The Texas Chain Saw Massacre review in progress – The saw is family


Tobe Hooper’s The Texas Chain Saw Massacre is my favorite horror film of all time. As a huge fan of the genre, there isn’t a film more realistic and frighteningly visceral in the depravity that unravels, and as someone with a massive emotional attachment to the franchise, I’m always curious as to how it’s handled in new releases.

Developed by Gun Interactive, the team who also made Friday the 13th: The Game, I was curious but not overly excited about The Texas Chain Saw Massacre. Asymmetrical multiplayer horror games like Dead By Daylight have never really been my bag, but if anything was going to endear me to them, it would be Leatherface and his family.

In the time I’ve spent playing The Texas Chain Saw Massacre – which has been less than I’d have liked, hence the lack of a score just yet – I’ve had an awful lot of fun. Being one of the cannibalistic families is considerably more enjoyable than playing as a plucky survivor, but I already can’t wait to see where the game goes in the future.

Slashing fun

When getting into lobbies with other reviewers and game testers, I was always hoping in the back of my mind to be one of the family. All your favorites from the 1974 original film are here, from Allen Danziger’s grisly cook to Edwin Neal’s hitchhiker, all the way to Leatherface himself. There are a few original killers here too – Sissy and Johnny – but I couldn’t help myself from mostly using the familiar faces I know and love.

Gun Interactive has ensured no killer is too overpowered, with each one having discrepancies that make switching things up necessary. For example, Leatherface is one of the best damage-focused killers, but the time it takes to power on his chainsaw, and his inability to crawl through smaller passages, make killers like Johnny and the hitchhiker also necessary.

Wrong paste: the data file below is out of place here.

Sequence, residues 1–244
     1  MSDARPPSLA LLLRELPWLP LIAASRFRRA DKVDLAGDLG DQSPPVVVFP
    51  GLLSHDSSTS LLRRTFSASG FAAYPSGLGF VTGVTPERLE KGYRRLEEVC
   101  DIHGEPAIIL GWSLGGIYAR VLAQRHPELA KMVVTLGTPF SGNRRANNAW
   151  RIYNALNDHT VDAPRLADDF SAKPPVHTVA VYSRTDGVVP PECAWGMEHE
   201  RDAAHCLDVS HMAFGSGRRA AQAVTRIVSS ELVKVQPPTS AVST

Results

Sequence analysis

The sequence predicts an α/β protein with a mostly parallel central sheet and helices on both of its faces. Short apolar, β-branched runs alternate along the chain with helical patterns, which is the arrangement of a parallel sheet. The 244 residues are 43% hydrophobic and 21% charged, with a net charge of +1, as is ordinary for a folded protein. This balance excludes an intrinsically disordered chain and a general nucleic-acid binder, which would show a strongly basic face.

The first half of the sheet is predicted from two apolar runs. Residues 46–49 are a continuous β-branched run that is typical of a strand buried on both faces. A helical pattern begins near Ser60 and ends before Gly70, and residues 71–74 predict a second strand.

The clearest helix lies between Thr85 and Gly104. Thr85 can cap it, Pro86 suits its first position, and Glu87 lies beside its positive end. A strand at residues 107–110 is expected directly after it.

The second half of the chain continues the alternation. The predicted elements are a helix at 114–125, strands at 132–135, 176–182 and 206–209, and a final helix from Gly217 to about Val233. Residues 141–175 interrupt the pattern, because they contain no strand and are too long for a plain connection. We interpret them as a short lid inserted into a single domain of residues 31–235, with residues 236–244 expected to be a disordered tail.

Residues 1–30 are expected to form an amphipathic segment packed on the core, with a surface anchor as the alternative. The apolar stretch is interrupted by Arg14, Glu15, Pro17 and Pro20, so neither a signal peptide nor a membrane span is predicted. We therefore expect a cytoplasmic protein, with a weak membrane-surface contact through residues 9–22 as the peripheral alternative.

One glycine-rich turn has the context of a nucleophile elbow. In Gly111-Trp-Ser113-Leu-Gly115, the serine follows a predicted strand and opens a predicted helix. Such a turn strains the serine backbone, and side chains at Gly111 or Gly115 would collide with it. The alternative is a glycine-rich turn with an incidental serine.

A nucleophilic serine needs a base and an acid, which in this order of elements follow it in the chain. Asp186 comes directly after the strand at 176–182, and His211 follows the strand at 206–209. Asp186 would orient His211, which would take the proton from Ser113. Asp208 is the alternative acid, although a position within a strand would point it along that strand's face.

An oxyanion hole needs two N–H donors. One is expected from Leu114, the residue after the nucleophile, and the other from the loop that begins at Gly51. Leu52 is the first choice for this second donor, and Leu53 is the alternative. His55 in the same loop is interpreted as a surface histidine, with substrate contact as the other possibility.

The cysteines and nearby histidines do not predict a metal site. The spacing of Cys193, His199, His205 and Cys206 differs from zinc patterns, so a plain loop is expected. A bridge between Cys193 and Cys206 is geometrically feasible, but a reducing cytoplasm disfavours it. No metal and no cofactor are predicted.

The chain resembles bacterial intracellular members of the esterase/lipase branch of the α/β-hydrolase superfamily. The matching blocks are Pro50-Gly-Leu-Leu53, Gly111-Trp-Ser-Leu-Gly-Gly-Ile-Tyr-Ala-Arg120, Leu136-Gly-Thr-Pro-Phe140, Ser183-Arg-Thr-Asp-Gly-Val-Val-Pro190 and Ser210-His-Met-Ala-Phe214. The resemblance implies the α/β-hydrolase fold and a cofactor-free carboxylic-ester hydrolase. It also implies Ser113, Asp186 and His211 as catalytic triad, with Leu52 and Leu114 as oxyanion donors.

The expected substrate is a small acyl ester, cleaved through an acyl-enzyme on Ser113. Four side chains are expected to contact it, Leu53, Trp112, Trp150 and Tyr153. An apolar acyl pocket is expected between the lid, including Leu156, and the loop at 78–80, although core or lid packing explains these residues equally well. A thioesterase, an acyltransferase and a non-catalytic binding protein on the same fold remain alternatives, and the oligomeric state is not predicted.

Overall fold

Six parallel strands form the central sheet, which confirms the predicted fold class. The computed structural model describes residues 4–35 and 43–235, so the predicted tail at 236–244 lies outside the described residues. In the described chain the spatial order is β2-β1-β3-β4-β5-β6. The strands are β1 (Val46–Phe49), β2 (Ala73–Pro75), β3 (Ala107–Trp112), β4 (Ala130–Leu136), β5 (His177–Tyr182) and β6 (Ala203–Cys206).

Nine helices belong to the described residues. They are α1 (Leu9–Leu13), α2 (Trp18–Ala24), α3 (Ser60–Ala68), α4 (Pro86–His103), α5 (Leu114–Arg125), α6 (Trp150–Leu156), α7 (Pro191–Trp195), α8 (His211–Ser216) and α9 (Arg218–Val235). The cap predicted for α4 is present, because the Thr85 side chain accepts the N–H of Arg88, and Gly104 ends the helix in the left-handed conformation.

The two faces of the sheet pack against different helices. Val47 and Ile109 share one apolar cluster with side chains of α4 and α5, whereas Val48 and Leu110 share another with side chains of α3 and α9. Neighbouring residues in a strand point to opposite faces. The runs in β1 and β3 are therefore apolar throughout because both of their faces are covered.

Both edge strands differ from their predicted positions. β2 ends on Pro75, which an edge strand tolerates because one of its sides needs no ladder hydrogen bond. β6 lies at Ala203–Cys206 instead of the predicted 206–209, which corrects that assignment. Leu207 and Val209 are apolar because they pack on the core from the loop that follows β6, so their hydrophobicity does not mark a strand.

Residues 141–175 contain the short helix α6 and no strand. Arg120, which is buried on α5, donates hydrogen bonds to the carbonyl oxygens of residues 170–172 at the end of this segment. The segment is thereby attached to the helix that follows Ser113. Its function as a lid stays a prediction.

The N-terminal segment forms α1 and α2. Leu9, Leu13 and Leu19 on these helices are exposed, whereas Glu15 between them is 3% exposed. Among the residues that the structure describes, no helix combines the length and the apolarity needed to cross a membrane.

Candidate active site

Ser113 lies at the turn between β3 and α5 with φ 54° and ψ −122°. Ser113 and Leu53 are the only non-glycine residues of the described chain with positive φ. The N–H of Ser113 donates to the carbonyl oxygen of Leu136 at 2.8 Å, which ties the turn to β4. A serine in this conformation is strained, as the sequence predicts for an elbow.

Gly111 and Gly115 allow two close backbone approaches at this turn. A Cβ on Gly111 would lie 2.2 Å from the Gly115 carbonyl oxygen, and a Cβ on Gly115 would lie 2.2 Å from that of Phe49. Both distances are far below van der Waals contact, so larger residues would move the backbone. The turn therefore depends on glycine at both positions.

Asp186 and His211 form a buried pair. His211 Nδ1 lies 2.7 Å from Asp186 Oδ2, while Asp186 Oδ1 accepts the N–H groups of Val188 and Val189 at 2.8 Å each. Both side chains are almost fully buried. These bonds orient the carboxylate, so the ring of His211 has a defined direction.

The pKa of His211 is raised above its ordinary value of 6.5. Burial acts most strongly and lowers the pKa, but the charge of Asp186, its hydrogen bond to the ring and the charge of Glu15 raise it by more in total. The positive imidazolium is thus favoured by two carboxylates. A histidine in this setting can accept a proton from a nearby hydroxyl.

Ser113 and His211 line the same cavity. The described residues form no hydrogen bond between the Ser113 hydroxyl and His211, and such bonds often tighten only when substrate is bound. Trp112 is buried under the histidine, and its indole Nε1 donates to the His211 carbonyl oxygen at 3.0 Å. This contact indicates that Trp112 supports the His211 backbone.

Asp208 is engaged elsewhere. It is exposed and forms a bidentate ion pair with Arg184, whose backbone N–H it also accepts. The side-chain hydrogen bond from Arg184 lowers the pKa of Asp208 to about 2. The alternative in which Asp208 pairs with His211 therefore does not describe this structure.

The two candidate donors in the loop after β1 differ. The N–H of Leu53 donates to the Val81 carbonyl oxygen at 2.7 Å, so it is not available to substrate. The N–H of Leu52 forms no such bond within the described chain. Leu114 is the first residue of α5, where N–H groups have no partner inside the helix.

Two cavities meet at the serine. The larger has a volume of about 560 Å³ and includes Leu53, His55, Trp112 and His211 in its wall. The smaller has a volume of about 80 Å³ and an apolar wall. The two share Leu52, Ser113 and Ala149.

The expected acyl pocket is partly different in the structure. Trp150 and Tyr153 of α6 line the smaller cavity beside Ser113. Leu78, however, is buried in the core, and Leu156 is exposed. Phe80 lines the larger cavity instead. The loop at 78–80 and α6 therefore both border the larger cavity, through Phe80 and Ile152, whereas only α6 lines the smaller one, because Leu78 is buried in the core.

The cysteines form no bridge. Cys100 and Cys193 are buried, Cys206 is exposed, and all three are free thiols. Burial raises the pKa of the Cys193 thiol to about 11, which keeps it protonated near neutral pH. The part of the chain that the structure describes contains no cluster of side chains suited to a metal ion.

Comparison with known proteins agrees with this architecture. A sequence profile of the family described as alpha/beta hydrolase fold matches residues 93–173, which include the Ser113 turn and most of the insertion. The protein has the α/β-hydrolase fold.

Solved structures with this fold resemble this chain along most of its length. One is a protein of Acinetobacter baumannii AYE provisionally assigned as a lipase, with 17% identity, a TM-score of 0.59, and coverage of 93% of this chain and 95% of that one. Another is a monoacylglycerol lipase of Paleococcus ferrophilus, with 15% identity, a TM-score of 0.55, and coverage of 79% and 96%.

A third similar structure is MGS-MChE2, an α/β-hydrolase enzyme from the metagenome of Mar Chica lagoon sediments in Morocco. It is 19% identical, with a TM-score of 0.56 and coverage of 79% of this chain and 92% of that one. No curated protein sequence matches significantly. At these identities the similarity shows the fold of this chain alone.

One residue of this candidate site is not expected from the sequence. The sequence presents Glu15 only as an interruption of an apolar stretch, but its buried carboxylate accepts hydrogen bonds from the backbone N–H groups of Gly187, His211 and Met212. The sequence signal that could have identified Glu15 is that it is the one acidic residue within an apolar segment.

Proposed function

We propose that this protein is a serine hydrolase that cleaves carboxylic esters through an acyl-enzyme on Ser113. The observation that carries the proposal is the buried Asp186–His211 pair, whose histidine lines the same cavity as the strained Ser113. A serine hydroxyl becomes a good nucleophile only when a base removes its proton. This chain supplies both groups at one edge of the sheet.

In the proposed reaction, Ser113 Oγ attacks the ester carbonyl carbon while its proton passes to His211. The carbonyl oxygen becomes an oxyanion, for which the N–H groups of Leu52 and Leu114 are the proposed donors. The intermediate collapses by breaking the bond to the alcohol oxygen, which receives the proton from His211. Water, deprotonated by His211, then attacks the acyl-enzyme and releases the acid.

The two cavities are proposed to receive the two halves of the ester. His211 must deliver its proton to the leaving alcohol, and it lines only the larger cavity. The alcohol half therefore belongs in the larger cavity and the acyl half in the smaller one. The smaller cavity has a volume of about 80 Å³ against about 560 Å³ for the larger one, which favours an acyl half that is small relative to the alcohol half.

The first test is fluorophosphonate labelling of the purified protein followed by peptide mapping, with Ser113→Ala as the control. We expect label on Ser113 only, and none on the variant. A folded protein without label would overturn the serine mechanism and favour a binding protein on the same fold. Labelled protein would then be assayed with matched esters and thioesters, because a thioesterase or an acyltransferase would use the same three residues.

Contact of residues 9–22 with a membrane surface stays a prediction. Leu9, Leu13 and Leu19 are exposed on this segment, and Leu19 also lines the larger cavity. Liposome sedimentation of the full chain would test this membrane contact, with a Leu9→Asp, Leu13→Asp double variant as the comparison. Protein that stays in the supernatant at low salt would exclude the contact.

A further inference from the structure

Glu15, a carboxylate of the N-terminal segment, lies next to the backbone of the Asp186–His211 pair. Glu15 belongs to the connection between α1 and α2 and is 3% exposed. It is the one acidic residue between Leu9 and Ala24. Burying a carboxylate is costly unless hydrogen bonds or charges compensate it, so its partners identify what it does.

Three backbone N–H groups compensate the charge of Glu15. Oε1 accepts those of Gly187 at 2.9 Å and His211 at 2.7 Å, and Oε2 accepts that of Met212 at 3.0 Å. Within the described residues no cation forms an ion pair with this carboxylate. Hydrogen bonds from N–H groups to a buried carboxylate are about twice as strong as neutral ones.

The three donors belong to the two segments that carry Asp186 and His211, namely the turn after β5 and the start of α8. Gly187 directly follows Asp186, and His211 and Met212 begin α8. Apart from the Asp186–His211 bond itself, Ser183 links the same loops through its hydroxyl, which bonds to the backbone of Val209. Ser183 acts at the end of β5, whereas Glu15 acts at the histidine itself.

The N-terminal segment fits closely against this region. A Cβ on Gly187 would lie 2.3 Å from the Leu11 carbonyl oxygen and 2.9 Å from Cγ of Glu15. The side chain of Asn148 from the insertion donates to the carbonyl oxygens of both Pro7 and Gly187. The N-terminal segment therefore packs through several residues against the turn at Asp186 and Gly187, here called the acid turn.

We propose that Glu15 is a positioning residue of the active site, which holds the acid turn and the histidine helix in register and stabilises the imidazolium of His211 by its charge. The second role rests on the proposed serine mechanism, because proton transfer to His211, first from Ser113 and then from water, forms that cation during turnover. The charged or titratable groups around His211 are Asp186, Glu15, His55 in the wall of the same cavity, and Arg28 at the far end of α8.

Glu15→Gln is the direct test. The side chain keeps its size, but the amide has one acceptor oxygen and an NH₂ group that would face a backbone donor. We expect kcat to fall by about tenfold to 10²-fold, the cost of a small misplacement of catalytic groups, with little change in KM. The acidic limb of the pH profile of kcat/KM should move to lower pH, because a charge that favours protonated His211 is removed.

The same goes for some of the survivors here, sadly none of whom are based on classic characters like Sally Hardesty. The game is perfectly balanced to the point where one character doesn’t reign supreme over the rest, though I spent most of my time as Ana, whose stealth and fast mobility made it easier to flee from tough scenarios and push toward escape.

The great escape

Speaking of escape, that’s the name of the game for survivors in The Texas Chain Saw Massacre. Just like Dead By Daylight, the victims all work together to open exits and flee, while the family aims to block their exit routes and bring them all back for their own cannibalistic wants.

I really appreciate how The Texas Chain Saw Massacre is slightly more streamlined and as such less intimidating, than a game like Dead By Daylight. There is a breadth of perks and skill trees to upgrade, but there’s also enough diversity in the existing roster that those who just want to play matches and not worry about optimizing their builds can do so.

The same goes for the killers, even if most people will instinctively want to play as Leatherface. The killers have a somewhat easier task in matches – just to take out all the survivors they can find – while survivors have much more work to do. From escaping their shackles to sneaking around, finding unlock tools, and ultimately escaping from the Sawyer family via one of the numerous unlockable gates and exits.

It’s no easy feat – I’ve only managed it once in this review period so far – but the satisfaction of successfully evading the Sawyers and leaving the farm unscathed is a significant one. It’s much harder than you may expect, due to the smaller map size and less explicit hiding places, but it’s incredibly rewarding.

But more than anything, I’ve loved being able to play as some of my favorite cinematic characters in hugely iconic locations. Gun Interactive has done an astounding job of faithfully replicating the 1974 film’s locations with meticulous detail, from the bone-inspired furniture to the outside of the Sawyer house. As someone who really cares about the source material, it’s very meaningful to see it reconstructed with such care.

While I’m not ready to give it a score just yet, it’s safe to say that I’m loving The Texas Chain Saw Massacre so far. I’ve never been wild about Dead By Daylight and games of that ilk, but this game has more than converted me to the formula. I just can’t wait to play even more and, with my chainsaw in hand, lay waste to plenty of unassuming survivors.

Reviewed on Steam Deck. A code was provided by the publisher. The game is also available on PlayStation 5PlayStation 4Xbox One, and Xbox Series X|S.

Buy The Texas Chain Saw Massacre on Steam now.

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